Spaces at the REACH
The REACH is a place where visitors, audiences and artists can come together for collaboration, experimentation, and exploration in the spirit of President Kennedy’s vision for a new frontier for the arts. Many of the spaces have been named after historical and personal moments in his life as an expression of our role as his living memorial.
The Welcome Pavilion is the main entry to all other spaces at the REACH. Located on Level A, the Welcome Pavilion boasts massive clear and frosted glass windows, including one that is etched with a quote from President Kennedy. The expansive lobby is home to a reception desk, comfortable lounges designed by Steven Holl, the Gratitude Wall recognizing major contributions to the construction of the REACH, and the Hyannis Port Coffee Bar, which is named after the location of the Kennedy Family home on Cape Cod.
Taking its name from the “Patrol Torpedo” boat that President Kennedy commanded during World War II, Room PT 109 is a flexible space for meetings or dinners with large windows that look out onto the outdoor Victura Deck and a large reflecting pool.
Named after President Kennedy’s call for America to think big and travel to the moon, the Moonshot Studio is a “Maker Space” where families, students, and community groups can come together for interactive workshops, meetings, or camps.
A striking and intimate lecture hall with fixed seating named after one of the five ideals attributed to President Kennedy, the Justice Forum is perfect for pre- or post-performance lectures, film screenings, and artist discussions. It boasts distinctive acoustic “crinkle” concrete walls and a cherry wood ceiling.
The stunningly beautiful Skylight Pavilion features vaulted ceilings over an expansive atrium space with multiple glass skylights and very large glass windows providing views of the Potomac River. A multitude of custom hanging lights twinkle like stars over the Pavilion’s atrium, augmented by theatrical lighting to transform the room for special events. The exterior wall facing the Center functions as a large projection screen for movies, simulcasts, and more.
Peace Corps Gallery
President Kennedy established the Peace Corps by executive order on March 1, 1961 with the goal of encouraging mutual understanding between Americans and people of other nations and cultures. The Peace Corps Gallery, located on Level B, serves as a lobby and gathering space outside of Studios J, F & K.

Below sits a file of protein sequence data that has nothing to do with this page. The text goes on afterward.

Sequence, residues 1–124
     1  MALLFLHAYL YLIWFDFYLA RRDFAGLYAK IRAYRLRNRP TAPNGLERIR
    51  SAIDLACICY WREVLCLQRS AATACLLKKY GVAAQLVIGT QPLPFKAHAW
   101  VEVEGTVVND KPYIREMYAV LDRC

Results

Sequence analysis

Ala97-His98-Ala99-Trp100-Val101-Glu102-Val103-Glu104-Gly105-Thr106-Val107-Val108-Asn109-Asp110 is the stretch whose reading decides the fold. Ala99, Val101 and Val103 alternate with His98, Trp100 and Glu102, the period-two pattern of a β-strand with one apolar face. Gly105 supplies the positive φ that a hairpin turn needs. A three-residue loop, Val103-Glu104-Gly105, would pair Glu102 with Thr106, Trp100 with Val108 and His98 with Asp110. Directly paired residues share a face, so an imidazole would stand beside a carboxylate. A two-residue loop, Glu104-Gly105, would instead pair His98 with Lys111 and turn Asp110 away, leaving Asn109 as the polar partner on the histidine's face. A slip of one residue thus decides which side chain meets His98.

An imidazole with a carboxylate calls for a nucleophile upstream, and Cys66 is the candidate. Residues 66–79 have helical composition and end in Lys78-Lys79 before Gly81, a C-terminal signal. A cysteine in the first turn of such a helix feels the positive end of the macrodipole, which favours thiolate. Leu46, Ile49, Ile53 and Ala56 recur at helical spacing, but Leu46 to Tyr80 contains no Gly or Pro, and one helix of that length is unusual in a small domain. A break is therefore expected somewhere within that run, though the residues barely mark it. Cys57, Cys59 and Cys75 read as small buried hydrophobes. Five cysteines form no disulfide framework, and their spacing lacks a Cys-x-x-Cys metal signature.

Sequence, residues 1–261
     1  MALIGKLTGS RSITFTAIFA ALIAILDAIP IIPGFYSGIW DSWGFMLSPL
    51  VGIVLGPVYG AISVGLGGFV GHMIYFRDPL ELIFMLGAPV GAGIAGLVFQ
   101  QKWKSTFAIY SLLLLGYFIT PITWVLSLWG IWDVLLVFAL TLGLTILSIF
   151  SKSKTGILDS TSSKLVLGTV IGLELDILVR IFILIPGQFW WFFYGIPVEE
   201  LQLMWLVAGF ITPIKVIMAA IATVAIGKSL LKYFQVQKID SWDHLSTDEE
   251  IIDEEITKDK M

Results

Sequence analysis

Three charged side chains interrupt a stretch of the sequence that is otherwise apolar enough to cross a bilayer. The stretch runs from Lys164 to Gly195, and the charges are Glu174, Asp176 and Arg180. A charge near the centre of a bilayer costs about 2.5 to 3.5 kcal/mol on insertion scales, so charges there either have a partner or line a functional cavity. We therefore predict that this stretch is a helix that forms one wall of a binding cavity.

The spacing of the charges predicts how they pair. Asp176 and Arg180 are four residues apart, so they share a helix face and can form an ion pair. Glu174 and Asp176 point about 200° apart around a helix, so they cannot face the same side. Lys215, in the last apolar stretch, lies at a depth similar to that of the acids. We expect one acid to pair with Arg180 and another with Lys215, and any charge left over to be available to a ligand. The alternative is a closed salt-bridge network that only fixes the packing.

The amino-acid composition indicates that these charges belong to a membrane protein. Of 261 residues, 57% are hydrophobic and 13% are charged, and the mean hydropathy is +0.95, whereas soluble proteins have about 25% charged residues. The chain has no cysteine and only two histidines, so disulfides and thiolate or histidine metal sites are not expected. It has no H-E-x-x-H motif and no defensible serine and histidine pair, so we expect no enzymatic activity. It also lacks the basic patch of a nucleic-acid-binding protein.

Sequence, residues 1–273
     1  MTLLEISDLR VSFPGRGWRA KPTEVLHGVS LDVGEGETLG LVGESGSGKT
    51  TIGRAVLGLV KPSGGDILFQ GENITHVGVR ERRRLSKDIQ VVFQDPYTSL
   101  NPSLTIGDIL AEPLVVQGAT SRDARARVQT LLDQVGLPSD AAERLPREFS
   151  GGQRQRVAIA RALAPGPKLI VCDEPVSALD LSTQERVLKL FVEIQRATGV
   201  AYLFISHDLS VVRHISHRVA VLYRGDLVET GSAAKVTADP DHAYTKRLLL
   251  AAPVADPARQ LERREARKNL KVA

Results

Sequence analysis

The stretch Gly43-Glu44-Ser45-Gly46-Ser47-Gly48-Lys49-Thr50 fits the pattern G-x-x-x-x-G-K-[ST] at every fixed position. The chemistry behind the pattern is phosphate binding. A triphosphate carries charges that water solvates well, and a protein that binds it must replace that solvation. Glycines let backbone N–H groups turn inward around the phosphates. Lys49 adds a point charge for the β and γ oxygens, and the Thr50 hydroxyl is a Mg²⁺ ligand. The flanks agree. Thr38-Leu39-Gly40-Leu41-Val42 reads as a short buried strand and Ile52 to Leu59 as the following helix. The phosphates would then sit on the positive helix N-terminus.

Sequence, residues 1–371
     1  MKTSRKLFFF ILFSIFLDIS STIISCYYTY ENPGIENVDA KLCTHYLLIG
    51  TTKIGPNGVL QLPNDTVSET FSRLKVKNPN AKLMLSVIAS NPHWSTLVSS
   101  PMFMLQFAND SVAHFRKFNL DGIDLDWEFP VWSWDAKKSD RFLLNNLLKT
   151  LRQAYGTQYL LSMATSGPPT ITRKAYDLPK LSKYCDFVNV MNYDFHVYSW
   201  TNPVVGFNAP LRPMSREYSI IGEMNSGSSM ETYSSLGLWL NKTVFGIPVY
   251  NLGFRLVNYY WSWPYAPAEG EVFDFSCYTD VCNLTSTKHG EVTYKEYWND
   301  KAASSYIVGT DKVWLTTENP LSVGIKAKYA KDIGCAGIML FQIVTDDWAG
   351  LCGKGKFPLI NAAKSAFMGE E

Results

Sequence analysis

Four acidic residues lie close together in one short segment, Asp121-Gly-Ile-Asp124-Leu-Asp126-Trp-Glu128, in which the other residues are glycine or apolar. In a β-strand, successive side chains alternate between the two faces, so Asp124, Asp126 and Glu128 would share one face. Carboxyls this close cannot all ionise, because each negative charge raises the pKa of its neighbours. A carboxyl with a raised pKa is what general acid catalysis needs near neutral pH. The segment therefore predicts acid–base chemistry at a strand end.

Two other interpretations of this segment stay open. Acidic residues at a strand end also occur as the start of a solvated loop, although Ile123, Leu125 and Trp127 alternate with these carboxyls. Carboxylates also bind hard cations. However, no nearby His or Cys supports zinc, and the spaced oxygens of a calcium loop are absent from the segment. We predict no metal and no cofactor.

Studios J, F & K
These multi-purpose rooms take their name from the initials of the President’s name, John Fitzgerald Kennedy. Studios J & F are equipped with ballet barres, mirrors, and a ballet-style sprung floor. They have floor-to-ceiling windows looking onto the Potomac River through which visitors outside on the Link pathway can observe rehearsals. Studio K is the biggest of the three, just larger than the Center’s Opera House stage, and features a balcony to observe artists at work as well as performances. The space with acoustic “crinkle” concrete walls will be the home of the Club at the Kennedy Center and is suitable for cabaret and other performances, rehearsals, exhibits, demonstrations, and special events.
Macaroni and Sardar Classrooms
Caroline Kennedy’s pet pony Macaroni was a gift from President Lyndon B. Johnson in 1962. Sardar, an Arabian horse, was given to First Lady Jacqueline Kennedy as a present from Ayub Khan, the President of Pakistan, in 1962. These state-of-the-art, multipurpose classroom spaces can host both children and adults in exciting hands-on educational activities.
Hammersmith was the name of Jackie Beauvior’s childhood home that served as her wedding venue and the “Summer White House” during the Kennedy administration. Equipped with informal seating designed by Steven Holl, a skylight, and window views of the Potomac, the Hammersmith Lounge is a public space adjacent to Studios J, F & K and the Macaroni and Sardar Classrooms.
Located at the southernmost end of the Kennedy Center campus, the River Pavilion is home to the River Café with fantastic views of the Potomac River and the Center’s new pedestrian bridge. Featuring quotes from President Kennedy etched into frosted glass, this special space is open for a coffee or snack and hosts informal performances, comedy or open mic nights, and special events. A glass wall slides open to a courtyard with a reflecting pool and outdoor deck with seating adjacent to the Presidential Grove of 35 ginkgo trees.
Outdoor Spaces at the REACH
The Link is a covered pathway with fantastic views of the Potomac River, Roosevelt Island, and into Studios J & F that connects the River Plaza and the Grand Foyer to various spaces and buildings at the REACH.
For the first time, the Kennedy Center is connected to the city’s other memorials by a new pedestrian bridge spanning Rock Creek and Potomac Parkway down to the trail running along the Potomac River.
The Victura Deck
A lover of the sea, President Kennedy’s iconic wooden sailboat, the Victura (Latin for “to conquer”), was purchased when he was 15. The Victura Deck is located just outside of the Moonshot Studio alongside a large reflecting pool.
The Presidential Grove
At the south end of the campus sits a grove of 35 ginkgo trees planted in honor of our 35th president and namesake, John F. Kennedy, intended as a place for quiet contemplation. In addition, a large oak tree was planted nearby in homage to the “Arlington Oak” that shaded Kennedy’s grave at Arlington Cemetery.
The REACH Plaza, Video Wall, and Upper and Lower Lawns
The large paved plaza and two expansive lawns surrounding the three pavilions offer outdoor gathering spaces for participating in a community activity, watching a movie or simulcast on the Video Wall, picnicking, or relaxing before a performance. The lawns and landscaping serve as a massive “green roof” for the REACH, the largest in Washington, DC at approximately 69,000 square feet.